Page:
Top 10 Examples Of Accountability
Whether it is your personal or professional life, nothing can be accomplished to its fullest without the habit of accountability.
This is the one key element that helps glue all your hard work and efforts together to reach your goals. Being accountable means living a life of integrity with your words, thoughts and actions.
But don’t get it mixed with commitment or responsibility! Because accountability helps to ensure long-term success in your future and triumph over your little inner critic.
And while accountability might sound easy to follow, it is a habit that is difficult to achieve. But, it is still achievable. However, it might help if you first started with the definition of accountability and followed the ten best examples.
So, make sure to stick around until the very end of this feature!
What Is Meant By Accountability?
When people come across the word “accountability”, they often picture themselves “getting caught” for doing something dicey, or ratting out other people, or even establishing a set of strict rules for people to follow.
This pessimistic idea of accountability often drives people to understand it as a toxic control culture through rules. However, there is a better way to put this.
Accountability (whether at home or work) is all about holding everyone at the same expectation level. You could be a top C-suite executive or a part-time employee who works by the hour; accountability will keep people of all positions at the same level and motivate them to accomplish the primary goal.
Undoubtedly, accountability at the workplace is critically important. However, the actual act of accountability starts from within. This is called personal accountability, which means taking responsibility for everything that happens in your life.
By fostering this habit in your life and workplace, you can get high-performance work to help you reach the top!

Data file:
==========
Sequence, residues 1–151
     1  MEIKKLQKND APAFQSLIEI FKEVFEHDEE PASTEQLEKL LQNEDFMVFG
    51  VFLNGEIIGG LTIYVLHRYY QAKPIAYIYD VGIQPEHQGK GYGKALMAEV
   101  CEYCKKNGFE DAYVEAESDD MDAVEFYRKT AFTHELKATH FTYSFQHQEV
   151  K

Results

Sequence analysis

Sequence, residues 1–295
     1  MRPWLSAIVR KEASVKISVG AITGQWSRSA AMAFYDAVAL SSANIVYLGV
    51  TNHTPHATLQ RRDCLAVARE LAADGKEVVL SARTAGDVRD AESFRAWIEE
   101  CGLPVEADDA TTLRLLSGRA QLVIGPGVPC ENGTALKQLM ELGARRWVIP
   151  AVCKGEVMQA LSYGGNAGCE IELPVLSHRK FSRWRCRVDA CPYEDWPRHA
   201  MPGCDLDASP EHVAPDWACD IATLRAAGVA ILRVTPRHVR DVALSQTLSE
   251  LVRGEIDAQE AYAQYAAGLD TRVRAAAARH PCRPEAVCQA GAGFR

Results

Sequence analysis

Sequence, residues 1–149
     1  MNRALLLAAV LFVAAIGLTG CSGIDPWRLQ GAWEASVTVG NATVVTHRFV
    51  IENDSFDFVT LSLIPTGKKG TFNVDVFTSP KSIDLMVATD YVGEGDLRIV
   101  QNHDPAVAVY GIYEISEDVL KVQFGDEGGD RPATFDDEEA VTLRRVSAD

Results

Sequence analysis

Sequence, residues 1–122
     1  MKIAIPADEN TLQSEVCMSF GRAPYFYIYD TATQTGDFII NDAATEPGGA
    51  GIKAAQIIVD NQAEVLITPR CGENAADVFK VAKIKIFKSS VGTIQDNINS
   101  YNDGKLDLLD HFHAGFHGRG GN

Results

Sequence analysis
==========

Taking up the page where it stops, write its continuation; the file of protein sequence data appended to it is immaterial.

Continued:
What Are Some Examples Of Accountability?
Listed below are a few excellent examples of being accountable:
- You take responsibility for your shortcomings instead of blaming them on other people.
- You are practising clear communication to those affected by your mistake and seeking transparent solutions from other people.
- You take time for reflecting on your actions and mistakes and make an effort to learn from them intentionally.
- You reach out to people to ask for help when it is needed the most.
- You work on identifying a potential problem instead of running away from it or ignoring it.
- You are taking steps to improve yourself rather than daydreaming and getting lost in your imagination.
- You patiently examine a problem to see if you were responsible for it and take ownership of it and contribute to finding the right solution.
- You come up with solutions for problems even if you did not cause them.
- You forgive yourself for the mistakes you made.
- You are constantly learning how to become a better individual.
Here is what accountability does NOT look like:
- You ignore your problems and hope they will disappear on their own without recognizing them.
- You are in denial of a problem.
- You are always pointing fingers at the people around you and blaming others for your mistakes.
- You take little to no steps for self-improvement.
- You create a long list of reasons to state why the problem does not affect you.
- You run away from your problems by avoiding phone calls and emails and drowning yourself in unhealthy behaviour like excessive drinking and eating, and watching TV.
How Can You Become More Accountable?
If you want to become more accountable to yourself, you need to devise your action plan. This differs from person to person; however, if you need a helping hand, feel free to follow this 9-step plan to becoming more accountable.
- Start by identifying all your current objectives, tasks and goals.
- Identify your role within the company and the society and spot your KPIs (Key Performance Indicators.
- Sort out your goals based on the time it would take to achieve them. This way, you will have weekly, monthly, quarterly, half-yearly and annual goals.
- Be conscious of the way you communicate with those around you. Fight the urge to blame others for your mistakes.
- Have a mentor and set them as your prime example of accountability.
- Talk about your concerns and start asking for help when you need it.
- Whatever your tasks are, review them every day to ensure you are on the right track to meet deadlines on critical projects.
- Talk to your mentor and share your experiences on handling your mistakes and how you can improve yourself.
- Ask for suggestions and tips on what are the other courses of action you could take.
While accountability might not be an easy practice to start, it can still do wonders for your life. By taking the right steps and following the examples mentioned earlier, you too can become a role model for accountability in no time!